Purple Amaranth (Amaranthus cruentus)

Annual
A. hybridus cruentus. Thell.
Common Name Latin Name Plant Family
Purple Amaranth
Amaranthus cruentus
Amaranthaceae

Yellow and green dyes can be obtained from the whole plant[168].

  • Medicinal Use

    None known

  • Edible Use

    Leaves – cooked as a spinach[183]. The mild-flavoured leaves are rich in vitamins and minerals[183].

    Seed – very small but easy to harvest and very nutritious. They are eaten cooked or ground into a powder and used for making cakes etc[183, 257]. They can also be sprouted and used in salads[183]. The seed can be cooked whole, and becomes very gelatinous like this, but it is rather difficult to crush all of the small seeds in the mouth and thus some of the seed will pass right through the digestive system without being assimilated[K].

    The flowers are used as a food colouring in ceremonial maize bread[183].

  • Cautionary Notes

    No members of this genus are known to be poisonous, but when grown on nitrogen-rich soils they are known to concentrate nitrates in the leaves. This is especially noticeable on land where chemical fertilizers are used. Nitrates are implicated in stomach cancers, blue babies and some other health problems. It is inadvisable, therefore, to eat this plant if it is grown inorganically.

Cultivation & Habitat

Seed – sow late spring in situ. An earlier sowing can be made in a greenhouse and the plants put out after the last expected frosts. Germination is usually rapid and good if the soil is warm[133]. A drop in temperature overnight aids germination[133]. Cuttings of growing plants root easily[206].
Prefers a well-drained fertile soil in a sunny position[200]. Requires a hot sheltered position if it is to do well[K]. Tolerates a pH in the range 4 to 7.5. Plants should not be given inorganic fertilizers, see notes above on toxicity. This species is cultivated for its edible seed in many parts of S. America and in Japan[58, 97, 183]. There is at least one named variety, ‘Oeschberg’ is a very productive plant, growing 1 metre tall and can yield up to 2.5 tonnes per hectare[183]. This species is the most adaptable of the grain amaranths, it also flowers under a wider range of daylength hours than the other species[183]. Most if not all members of this genus photosynthesize by a more efficient method than most plants. Called the ‘C4 carbon-fixation pathway’, this process is particularly efficient at high temperatures, in bright sunlight and under dry conditions[196].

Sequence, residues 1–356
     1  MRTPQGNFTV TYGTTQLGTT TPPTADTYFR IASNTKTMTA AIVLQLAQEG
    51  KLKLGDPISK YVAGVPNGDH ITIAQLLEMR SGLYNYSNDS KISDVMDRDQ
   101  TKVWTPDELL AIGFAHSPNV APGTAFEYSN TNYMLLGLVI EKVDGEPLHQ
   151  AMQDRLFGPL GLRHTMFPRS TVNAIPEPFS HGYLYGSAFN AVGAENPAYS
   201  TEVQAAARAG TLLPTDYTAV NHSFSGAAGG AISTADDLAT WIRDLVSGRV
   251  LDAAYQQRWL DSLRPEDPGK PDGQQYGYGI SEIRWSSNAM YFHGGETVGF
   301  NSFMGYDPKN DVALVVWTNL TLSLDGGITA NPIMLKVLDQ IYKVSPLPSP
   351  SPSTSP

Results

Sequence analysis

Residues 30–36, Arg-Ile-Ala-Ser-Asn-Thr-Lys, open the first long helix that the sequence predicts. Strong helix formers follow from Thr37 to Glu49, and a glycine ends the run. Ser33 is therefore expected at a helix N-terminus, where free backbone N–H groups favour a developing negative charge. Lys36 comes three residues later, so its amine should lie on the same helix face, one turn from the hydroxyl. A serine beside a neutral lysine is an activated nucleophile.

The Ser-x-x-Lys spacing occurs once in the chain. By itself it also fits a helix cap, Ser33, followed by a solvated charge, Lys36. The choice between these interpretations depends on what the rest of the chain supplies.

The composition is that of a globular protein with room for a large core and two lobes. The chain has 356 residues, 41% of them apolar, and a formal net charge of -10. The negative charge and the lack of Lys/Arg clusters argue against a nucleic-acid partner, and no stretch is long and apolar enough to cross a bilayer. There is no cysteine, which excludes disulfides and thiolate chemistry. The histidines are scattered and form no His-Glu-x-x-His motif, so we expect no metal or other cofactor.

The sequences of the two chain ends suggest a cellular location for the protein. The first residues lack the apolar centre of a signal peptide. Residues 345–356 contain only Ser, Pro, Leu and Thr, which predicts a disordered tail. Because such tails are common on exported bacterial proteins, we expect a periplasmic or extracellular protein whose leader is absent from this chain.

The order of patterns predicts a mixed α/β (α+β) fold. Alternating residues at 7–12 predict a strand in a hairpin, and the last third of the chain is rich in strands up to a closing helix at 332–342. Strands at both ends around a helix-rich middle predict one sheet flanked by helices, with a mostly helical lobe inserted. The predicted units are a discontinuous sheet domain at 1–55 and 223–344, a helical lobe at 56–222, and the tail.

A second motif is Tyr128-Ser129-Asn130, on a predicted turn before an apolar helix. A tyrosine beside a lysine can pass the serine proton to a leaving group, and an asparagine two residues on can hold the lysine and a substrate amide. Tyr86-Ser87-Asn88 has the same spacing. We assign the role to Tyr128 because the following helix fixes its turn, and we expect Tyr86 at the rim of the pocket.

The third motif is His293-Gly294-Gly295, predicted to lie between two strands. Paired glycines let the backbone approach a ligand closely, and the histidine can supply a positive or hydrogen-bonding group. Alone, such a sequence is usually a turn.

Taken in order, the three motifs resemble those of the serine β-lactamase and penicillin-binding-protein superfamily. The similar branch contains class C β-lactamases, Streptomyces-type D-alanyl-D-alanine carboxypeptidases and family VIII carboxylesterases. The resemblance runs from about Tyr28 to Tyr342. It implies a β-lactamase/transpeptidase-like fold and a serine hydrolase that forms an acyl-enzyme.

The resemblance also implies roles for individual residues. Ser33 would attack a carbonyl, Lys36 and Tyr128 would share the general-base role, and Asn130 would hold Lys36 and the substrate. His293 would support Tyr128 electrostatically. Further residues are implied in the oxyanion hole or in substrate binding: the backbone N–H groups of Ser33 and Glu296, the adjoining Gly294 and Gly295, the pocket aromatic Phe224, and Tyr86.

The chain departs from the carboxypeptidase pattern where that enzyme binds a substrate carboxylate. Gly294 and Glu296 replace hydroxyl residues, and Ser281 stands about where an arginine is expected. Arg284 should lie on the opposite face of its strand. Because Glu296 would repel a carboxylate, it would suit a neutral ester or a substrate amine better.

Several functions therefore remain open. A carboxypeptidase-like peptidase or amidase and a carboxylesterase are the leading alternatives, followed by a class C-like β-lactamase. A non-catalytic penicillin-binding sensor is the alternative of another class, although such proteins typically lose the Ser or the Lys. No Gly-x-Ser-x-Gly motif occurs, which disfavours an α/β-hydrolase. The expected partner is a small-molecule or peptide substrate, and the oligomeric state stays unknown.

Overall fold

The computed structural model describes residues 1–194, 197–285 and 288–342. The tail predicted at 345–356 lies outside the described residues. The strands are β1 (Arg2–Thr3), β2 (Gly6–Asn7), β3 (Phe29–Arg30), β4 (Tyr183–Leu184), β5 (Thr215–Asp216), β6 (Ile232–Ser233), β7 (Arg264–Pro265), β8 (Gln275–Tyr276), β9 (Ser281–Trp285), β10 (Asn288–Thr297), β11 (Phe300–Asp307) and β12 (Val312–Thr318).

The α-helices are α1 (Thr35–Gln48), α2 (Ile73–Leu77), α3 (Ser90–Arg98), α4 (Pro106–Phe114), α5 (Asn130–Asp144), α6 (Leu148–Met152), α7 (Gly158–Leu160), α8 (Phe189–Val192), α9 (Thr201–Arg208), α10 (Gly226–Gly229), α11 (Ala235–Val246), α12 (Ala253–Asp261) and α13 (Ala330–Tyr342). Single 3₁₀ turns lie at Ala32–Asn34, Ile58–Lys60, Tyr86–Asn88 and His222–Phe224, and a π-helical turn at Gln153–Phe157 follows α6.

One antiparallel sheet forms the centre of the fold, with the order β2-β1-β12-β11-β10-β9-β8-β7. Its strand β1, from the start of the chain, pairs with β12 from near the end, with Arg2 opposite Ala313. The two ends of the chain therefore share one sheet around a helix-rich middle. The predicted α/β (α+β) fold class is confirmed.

Original habitat is obscure, it was probably tropical America.

Become ungovernable, break the chains of the matrix; grow and forage your own food and medicine.

*None of the information on this website qualifies as professional medical advice. Take only what resonates with your heart and use your own personal responsibility for what’s best for you. For more information [brackets] [000], see bibliography.